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How to Be an Antiracist
Cover of How to Be an Antiracist
How to Be an Antiracist
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#1 NEW YORK TIMES BESTSELLER • From the National Book Award–winning author of Stamped from the Beginning comes a “groundbreaking” (Time) approach to understanding and uprooting racism and inequality in our society—and in ourselves.
“The most courageous book to date on the problem of race in the Western mind.”—The New York Times
NAMED ONE OF THE BEST BOOKS OF THE YEAR BY The New York Times Book Review • Time • NPR • The Washington Post • Shelf Awareness • Library Journal Publishers Weekly Kirkus Reviews
Antiracism is a transformative concept that reorients and reenergizes the conversation about racism—and, even more fundamentally, points us toward liberating new ways of thinking about ourselves and each other. At its core, racism is a powerful system that creates false hierarchies of human value; its warped logic extends beyond race, from the way we regard people of different ethnicities or skin colors to the way we treat people of different sexes, gender identities, and body types. Racism intersects with class and culture and geography and even changes the way we see and value ourselves. In How to Be an Antiracist, Kendi takes readers through a widening circle of antiracist ideas—from the most basic concepts to visionary possibilities—that will help readers see all forms of racism clearly, understand their poisonous consequences, and work to oppose them in our systems and in ourselves.
Kendi weaves an electrifying combination of ethics, history, law, and science with his own personal story of awakening to antiracism. This is an essential work for anyone who wants to go beyond the awareness of racism to the next step: contributing to the formation of a just and equitable society.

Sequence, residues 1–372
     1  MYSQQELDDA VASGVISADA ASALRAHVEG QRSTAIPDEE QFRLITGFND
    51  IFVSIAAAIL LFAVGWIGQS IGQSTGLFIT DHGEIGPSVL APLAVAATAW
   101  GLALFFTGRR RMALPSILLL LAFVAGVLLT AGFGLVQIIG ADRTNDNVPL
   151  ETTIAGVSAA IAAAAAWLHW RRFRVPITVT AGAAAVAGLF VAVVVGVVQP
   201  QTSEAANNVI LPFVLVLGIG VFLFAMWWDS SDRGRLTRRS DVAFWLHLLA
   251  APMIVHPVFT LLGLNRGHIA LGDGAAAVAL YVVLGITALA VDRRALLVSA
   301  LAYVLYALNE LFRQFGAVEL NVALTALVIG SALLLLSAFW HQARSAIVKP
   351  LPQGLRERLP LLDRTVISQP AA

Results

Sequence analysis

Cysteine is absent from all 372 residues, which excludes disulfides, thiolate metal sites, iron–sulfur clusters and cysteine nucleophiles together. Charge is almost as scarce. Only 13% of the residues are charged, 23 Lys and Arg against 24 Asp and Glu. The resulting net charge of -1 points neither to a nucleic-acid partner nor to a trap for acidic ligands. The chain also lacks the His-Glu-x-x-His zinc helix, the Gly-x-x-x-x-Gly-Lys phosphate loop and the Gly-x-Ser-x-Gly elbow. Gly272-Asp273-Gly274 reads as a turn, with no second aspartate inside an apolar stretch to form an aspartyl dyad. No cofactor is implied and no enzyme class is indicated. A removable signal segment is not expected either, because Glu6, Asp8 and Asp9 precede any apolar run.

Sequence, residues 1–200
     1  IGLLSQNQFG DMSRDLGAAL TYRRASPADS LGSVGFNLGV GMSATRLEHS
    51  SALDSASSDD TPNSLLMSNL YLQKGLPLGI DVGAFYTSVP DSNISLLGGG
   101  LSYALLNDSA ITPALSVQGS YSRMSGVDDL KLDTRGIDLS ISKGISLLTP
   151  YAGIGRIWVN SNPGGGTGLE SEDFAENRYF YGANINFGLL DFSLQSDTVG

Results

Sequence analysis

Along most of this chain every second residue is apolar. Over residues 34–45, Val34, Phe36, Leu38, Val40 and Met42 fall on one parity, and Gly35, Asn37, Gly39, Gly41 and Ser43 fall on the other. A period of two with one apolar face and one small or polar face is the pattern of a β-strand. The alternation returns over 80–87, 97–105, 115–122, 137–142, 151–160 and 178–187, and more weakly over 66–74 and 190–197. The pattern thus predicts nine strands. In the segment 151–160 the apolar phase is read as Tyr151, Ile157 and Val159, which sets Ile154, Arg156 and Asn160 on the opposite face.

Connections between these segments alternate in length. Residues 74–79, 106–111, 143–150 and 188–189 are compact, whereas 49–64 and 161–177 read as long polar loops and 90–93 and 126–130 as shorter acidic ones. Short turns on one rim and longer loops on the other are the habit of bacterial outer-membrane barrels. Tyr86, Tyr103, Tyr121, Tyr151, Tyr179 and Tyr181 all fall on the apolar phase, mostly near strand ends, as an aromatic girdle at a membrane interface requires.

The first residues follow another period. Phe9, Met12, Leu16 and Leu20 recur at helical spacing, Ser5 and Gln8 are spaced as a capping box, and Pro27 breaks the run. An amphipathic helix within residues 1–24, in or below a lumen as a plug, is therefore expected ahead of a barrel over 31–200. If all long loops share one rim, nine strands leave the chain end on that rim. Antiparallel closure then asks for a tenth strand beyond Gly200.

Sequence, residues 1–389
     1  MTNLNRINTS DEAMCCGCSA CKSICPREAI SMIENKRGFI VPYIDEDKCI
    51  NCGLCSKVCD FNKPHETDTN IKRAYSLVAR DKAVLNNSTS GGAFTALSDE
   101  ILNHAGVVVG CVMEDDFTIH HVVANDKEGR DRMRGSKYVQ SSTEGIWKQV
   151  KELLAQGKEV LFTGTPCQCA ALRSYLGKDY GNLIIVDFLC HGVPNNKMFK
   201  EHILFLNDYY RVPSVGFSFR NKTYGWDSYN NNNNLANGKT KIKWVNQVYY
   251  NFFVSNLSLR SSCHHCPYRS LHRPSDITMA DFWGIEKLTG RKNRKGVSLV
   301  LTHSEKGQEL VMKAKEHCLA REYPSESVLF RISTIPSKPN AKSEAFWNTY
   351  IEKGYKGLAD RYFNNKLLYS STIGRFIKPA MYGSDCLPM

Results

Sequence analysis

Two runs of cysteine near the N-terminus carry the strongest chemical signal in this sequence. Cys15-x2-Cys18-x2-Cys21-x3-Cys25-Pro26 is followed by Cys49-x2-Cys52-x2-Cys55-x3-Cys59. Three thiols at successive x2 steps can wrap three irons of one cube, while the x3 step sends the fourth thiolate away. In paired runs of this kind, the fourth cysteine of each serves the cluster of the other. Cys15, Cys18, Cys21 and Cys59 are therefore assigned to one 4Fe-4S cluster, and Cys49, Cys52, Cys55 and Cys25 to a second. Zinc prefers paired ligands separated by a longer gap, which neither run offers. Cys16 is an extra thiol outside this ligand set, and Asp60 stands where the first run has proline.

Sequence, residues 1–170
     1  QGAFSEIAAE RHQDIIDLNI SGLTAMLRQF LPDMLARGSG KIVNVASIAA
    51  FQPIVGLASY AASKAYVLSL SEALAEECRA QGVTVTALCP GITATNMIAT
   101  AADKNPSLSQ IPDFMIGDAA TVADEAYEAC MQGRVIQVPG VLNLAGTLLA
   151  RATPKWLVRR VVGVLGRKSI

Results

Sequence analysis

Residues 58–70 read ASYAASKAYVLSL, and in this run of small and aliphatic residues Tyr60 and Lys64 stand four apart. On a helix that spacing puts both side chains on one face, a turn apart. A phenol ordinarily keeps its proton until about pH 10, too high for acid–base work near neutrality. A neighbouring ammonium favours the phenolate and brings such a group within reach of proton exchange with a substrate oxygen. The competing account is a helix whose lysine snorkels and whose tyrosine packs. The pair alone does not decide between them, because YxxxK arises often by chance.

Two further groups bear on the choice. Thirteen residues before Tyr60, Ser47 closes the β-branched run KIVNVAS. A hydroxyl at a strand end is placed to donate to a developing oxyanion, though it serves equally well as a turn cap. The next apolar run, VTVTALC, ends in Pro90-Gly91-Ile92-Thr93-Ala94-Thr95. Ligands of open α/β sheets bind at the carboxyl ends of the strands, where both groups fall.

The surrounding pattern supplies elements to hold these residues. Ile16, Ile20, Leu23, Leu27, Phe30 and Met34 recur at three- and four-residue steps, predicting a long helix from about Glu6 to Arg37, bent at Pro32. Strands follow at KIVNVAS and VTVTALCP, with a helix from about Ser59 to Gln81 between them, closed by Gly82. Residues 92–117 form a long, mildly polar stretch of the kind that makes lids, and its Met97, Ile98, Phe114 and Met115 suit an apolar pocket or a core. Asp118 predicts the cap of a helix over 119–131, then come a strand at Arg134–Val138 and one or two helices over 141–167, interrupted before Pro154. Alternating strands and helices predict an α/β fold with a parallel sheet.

Praise for How to Be an Antiracist
“Ibram X. Kendi’s new book, How to Be an Antiracist, couldn’t come at a better time. . . . Kendi has gifted us with a book that is not only an essential instruction manual but also a memoir of the author’s own path from anti-black racism to anti-white racism and, finally, to antiracism. . . .  How to Be an Antiracist gives us a clear and compelling way to approach, as Kendi puts it in his introduction, ‘the basic struggle we’re all in, the struggle to be fully human and to see that others are fully human.’ ”—NPR
“Kendi dissects why in a society where so few people consider themselves to be racist the divisions and inequalities of racism remain so prevalent. How to Be an Antiracist punctures the myths of a post-racial America, examining what racism really is—and what we should do about it.”Time
#1 NEW YORK TIMES BESTSELLER • From the National Book Award–winning author of Stamped from the Beginning comes a “groundbreaking” (Time) approach to understanding and uprooting racism and inequality in our society—and in ourselves.
“The most courageous book to date on the problem of race in the Western mind.”—The New York Times
NAMED ONE OF THE BEST BOOKS OF THE YEAR BY The New York Times Book Review • Time • NPR • The Washington Post • Shelf Awareness • Library Journal Publishers Weekly Kirkus Reviews